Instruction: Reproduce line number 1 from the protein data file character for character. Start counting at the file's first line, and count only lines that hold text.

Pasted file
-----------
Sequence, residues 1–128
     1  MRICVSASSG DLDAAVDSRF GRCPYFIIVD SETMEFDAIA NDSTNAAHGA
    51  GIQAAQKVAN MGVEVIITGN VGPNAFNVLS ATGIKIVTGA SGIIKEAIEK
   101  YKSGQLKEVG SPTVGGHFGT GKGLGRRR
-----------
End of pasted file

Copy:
Sequence, residues 1–128